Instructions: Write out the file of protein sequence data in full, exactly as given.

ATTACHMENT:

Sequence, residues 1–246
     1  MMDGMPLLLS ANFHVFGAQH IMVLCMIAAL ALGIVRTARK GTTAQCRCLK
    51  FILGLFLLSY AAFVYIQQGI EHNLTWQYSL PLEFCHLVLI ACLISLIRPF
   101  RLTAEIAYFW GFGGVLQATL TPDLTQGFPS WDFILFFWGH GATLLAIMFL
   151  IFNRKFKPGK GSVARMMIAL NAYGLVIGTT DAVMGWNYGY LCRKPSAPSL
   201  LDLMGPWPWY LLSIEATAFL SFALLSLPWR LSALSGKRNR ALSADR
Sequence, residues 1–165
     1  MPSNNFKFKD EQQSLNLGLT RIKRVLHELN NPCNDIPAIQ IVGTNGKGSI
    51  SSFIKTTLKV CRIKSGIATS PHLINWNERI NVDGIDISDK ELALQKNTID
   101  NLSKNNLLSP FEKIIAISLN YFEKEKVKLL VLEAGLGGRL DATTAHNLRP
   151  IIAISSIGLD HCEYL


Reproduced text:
Sequence, residues 1–246
     1  MMDGMPLLLS ANFHVFGAQH IMVLCMIAAL ALGIVRTARK GTTAQCRCLK
    51  FILGLFLLSY AAFVYIQQGI EHNLTWQYSL PLEFCHLVLI ACLISLIRPF
   101  RLTAEIAYFW GFGGVLQATL TPDLTQGFPS WDFILFFWGH GATLLAIMFL
   151  IFNRKFKPGK GSVARMMIAL NAYGLVIGTT DAVMGWNYGY LCRKPSAPSL
   201  LDLMGPWPWY LLSIEATAFL SFALLSLPWR LSALSGKRNR ALSADR
Sequence, residues 1–165
     1  MPSNNFKFKD EQQSLNLGLT RIKRVLHELN NPCNDIPAIQ IVGTNGKGSI
    51  SSFIKTTLKV CRIKSGIATS PHLINWNERI NVDGIDISDK ELALQKNTID
   101  NLSKNNLLSP FEKIIAISLN YFEKEKVKLL VLEAGLGGRL DATTAHNLRP
   151  IIAISSIGLD HCEYL